1. Accounts that may be accessed only by preauthorized transfers to the account. The exception for "accounts that may be accessed only by preauthorized transfers to the account" includes accounts that can be accessed by means other than EFTs, such as checks. If, however, an account may be accessed by any EFT other than preauthorized credits to the account, such as preauthorized debits or ATM transactions, the account does not qualify for the exception.
2. Reversal of direct deposits. For direct-deposit-only accounts, a financial institution must send a periodic statement at least quarterly. A reversal of a direct deposit to correct an error does not trigger the monthly statement requirement when the error represented a credit to the wrong consumer's account, a duplicate credit, or a credit in the wrong amount. (See also comment 2(m)-5.)
Section 205.10--Preauthorized Transfers
10(b) Written Authorization for Preauthorized Transfers from Consumer's Account
5. Similarly authenticated. The similarly authenticated standard permits signed, written authorizations to be provided electronically. The writing and signature requirements of this section are satisfied by complying with the Electronic Signatures in Global and National Commerce Act, 15 U.S.C. 7001 et seq., which defines electronic records and electronic signatures. Examples of electronic signatures include, but are not limited to, digital signatures and security codes. A security code need not originate with the account-holding institution. The authorization process should evidence the consumer's identity and assent to the authorization. The person that obtains the authorization must provide a copy of the terms of the authorization to the consumer either electronically or in paper form. Only the consumer may authorize the transfer and not, for example, a third-party merchant on behalf of the consumer.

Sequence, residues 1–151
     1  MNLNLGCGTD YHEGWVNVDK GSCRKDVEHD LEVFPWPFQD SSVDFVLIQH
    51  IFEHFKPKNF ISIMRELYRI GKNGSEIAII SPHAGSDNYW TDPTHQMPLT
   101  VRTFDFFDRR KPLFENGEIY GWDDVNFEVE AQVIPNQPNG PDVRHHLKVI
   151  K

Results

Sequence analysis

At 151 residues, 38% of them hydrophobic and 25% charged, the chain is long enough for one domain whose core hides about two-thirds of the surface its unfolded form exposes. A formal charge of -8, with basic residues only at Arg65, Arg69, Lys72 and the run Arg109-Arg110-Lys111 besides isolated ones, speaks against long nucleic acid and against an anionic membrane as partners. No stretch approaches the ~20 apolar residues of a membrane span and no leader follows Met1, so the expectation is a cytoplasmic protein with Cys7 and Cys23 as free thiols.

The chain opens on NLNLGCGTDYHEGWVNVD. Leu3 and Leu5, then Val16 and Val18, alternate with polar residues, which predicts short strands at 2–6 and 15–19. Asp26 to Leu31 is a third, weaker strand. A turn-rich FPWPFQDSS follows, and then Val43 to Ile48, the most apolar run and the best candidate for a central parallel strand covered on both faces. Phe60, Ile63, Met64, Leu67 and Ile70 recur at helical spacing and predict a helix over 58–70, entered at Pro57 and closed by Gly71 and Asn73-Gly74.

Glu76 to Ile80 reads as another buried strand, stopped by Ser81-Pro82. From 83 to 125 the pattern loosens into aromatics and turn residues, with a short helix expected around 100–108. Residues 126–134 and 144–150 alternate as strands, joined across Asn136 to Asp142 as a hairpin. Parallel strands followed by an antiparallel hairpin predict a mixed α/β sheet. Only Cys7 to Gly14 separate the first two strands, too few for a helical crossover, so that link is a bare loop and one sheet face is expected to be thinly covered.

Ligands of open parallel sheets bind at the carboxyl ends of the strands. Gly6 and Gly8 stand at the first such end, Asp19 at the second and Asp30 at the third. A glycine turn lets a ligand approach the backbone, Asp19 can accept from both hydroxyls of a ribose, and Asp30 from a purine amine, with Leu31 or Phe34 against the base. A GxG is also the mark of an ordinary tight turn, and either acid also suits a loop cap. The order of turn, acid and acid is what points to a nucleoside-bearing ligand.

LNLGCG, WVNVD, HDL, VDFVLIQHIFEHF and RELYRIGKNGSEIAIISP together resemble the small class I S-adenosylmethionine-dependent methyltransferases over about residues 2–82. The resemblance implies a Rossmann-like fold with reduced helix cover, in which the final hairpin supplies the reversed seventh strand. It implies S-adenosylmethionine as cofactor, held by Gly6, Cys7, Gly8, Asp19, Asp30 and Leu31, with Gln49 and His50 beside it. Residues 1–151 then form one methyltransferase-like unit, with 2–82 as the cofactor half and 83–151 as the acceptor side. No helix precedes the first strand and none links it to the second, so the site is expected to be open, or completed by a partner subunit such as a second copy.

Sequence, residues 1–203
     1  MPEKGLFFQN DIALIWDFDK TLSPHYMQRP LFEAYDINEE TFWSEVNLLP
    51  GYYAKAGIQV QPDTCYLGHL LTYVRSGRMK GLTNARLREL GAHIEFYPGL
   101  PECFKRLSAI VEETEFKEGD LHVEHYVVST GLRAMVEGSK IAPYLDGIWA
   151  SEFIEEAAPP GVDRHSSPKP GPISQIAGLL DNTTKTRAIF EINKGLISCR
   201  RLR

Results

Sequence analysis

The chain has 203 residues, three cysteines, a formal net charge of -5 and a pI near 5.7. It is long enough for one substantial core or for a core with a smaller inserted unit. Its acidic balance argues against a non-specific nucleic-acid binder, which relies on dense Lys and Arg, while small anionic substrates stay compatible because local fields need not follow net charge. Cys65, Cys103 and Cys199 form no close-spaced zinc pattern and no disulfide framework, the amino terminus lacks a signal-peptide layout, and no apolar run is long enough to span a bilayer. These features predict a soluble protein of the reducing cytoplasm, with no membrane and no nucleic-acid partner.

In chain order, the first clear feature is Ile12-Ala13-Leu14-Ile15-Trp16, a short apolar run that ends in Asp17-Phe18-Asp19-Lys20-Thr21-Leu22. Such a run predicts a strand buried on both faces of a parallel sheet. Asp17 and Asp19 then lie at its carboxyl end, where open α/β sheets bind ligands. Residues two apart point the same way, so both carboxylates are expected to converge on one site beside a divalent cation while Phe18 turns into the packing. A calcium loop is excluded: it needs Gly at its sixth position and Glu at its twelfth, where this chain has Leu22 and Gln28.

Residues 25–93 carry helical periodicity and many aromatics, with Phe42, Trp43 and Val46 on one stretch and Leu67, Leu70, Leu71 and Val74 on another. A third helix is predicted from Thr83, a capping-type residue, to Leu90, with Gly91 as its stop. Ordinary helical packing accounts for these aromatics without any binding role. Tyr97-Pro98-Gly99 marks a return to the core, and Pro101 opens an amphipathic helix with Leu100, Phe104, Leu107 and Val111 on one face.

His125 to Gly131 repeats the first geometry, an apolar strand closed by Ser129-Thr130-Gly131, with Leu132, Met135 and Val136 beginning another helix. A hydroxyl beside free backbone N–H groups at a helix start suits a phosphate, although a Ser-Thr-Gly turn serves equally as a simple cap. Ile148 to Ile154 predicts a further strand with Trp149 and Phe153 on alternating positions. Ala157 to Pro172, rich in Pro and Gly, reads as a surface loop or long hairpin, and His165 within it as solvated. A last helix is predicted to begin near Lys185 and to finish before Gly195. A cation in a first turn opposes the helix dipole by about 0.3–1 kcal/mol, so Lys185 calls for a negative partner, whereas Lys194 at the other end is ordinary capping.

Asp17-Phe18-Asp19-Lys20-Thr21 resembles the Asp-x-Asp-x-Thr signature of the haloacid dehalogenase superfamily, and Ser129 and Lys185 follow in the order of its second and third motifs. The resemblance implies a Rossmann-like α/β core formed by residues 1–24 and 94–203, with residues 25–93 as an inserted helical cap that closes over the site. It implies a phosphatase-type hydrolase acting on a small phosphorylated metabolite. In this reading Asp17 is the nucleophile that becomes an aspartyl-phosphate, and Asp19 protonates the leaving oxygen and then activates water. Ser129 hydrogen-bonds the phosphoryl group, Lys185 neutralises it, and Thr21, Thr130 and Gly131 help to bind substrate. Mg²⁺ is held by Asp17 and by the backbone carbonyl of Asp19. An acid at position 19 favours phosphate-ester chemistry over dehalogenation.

7. Bona fide error. Consumers sometimes authorize third-party payees, by telephone or on-line, to submit recurring charges against a credit card account. If the consumer indicates use of a credit card account when in fact a debit card is being used, the payee does not violate the requirement to obtain a written authorization if the failure to obtain written authorization was not intentional and resulted from a bona fide error, and if the payee maintains procedures reasonably adapted to avoid any such error. If the payee is unable to determine, at the time of the authorization, whether a credit or debit card number is involved, and later finds that the card used is a debit card, the payee must obtain a written and signed or (where appropriate) a similarly authenticated authorization as soon as reasonably possible, or cease debiting the consumer's account.